Campagne Première is pleased to announce a group exhibition by a selection of artists who take semantic and syntactical shifts of language as points of departure.
Ingeborg Lüscher‘s 1999 film Fei-Ya! Fei-Ya! Fly! Fly! (Our Chinese Friends), presented at the Venice Biennial in 1999 and at the International Film Festival in Locarno, shows a traditional Chinese game with hands. The world of nonverbal communication unfolds in a Chinese bar through the intense images of sign language, putting into evidence, beside the playful aspects, aggressiveness and sensuality between the players. Despite the foreignness of the culture and the impossibility of understanding the Chinese language, the viewer can decode what is happening through context. Lüscher focuses on the tensions between characters, and brings the work to a crescendoing climax through intelligent video editing.
William Kentridge’s 2010 film installation Untitled is composed of 4 flat panel displays, each mounted on a traditional modelling stand. In the films we see the artist turning the pages of a book and drawing on them. Kentridge confronts the world of writing and of the book with the world of his drawings, and allows the observer to participate in the creation of the work. Only in the medium of film are the drawings interwoven into images and transmit the work.
Swiss artist Ingeborg Lüscher (born 1936 in Freiberg, Saxony / Germany) works across media in video, photography and installation, often addressing human and social systems. Her work has been shown in numerous solo exhibitions (including at the Musée d'Art Moderne de la Ville de Paris, France, at the Gemeentemuseum Den Haag, Netherlands, and at the Centre d'Art Contemporain, Geneva, Switzerland), as well as in major group exhibitions, several biennials, and at documenta 5 (1972) and documenta IX (1992).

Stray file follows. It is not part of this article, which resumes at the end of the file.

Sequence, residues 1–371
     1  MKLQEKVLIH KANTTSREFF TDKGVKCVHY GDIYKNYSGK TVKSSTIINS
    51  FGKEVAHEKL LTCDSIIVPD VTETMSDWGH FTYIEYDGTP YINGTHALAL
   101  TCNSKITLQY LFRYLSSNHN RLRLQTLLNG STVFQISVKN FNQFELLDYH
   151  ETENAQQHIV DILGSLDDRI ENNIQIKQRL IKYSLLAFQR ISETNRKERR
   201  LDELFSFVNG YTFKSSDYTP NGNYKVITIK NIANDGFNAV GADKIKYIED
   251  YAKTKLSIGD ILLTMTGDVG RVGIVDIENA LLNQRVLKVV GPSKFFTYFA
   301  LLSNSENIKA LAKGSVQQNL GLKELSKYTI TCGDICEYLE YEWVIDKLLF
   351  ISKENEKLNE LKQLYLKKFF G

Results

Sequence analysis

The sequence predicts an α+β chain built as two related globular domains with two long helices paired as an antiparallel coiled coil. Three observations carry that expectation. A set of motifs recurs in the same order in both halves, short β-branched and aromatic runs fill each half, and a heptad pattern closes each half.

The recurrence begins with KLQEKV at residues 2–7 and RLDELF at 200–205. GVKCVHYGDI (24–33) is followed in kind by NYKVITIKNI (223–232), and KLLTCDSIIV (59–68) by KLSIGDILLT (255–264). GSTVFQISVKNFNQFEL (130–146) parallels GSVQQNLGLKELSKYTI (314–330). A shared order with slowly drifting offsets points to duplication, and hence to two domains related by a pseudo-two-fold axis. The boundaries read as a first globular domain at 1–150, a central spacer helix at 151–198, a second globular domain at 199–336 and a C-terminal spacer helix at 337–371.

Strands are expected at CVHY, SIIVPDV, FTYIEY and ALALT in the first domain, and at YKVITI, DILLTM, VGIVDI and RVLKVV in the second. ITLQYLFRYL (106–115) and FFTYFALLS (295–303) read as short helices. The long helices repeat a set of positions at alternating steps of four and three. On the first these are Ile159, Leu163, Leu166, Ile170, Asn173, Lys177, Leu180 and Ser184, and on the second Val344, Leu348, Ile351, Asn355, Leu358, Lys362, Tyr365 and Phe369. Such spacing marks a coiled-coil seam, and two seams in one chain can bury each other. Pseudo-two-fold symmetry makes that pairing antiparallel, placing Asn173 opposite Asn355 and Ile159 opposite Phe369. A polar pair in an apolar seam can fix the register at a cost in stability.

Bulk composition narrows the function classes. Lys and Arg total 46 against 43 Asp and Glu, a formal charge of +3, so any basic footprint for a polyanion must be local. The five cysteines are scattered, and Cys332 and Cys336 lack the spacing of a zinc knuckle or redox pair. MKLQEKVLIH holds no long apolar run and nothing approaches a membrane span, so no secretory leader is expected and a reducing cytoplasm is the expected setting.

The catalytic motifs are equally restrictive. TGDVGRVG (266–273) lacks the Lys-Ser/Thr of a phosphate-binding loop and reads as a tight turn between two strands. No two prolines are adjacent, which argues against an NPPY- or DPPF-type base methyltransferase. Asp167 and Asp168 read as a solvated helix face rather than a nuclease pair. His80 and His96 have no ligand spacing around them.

William Kentridge (born 1955 in Johannesburg / South Africa) was a founding member of the Free Filmmaker Co-operative in 1988. Since then Kentridge has earned a growing international reputation as one of the most interesting artists working with film and drawing. He has participated in a number of international biennials, and in documenta X (1997) and documenta XI (2002). Kentridge is the recipient of numerous prizes, including the Kaiserring Prize (2003), the Carnegie Prize (1999), the Carnegie International (2000), and the Kyoto Prize (2010). Recent exhibitions of his work have been shown at the Museum of Modern Art, New York, the Jeu de Paume, Paris, and the Albertina Museum, Vienna.
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Campagne Première, Kristina Bewersdorff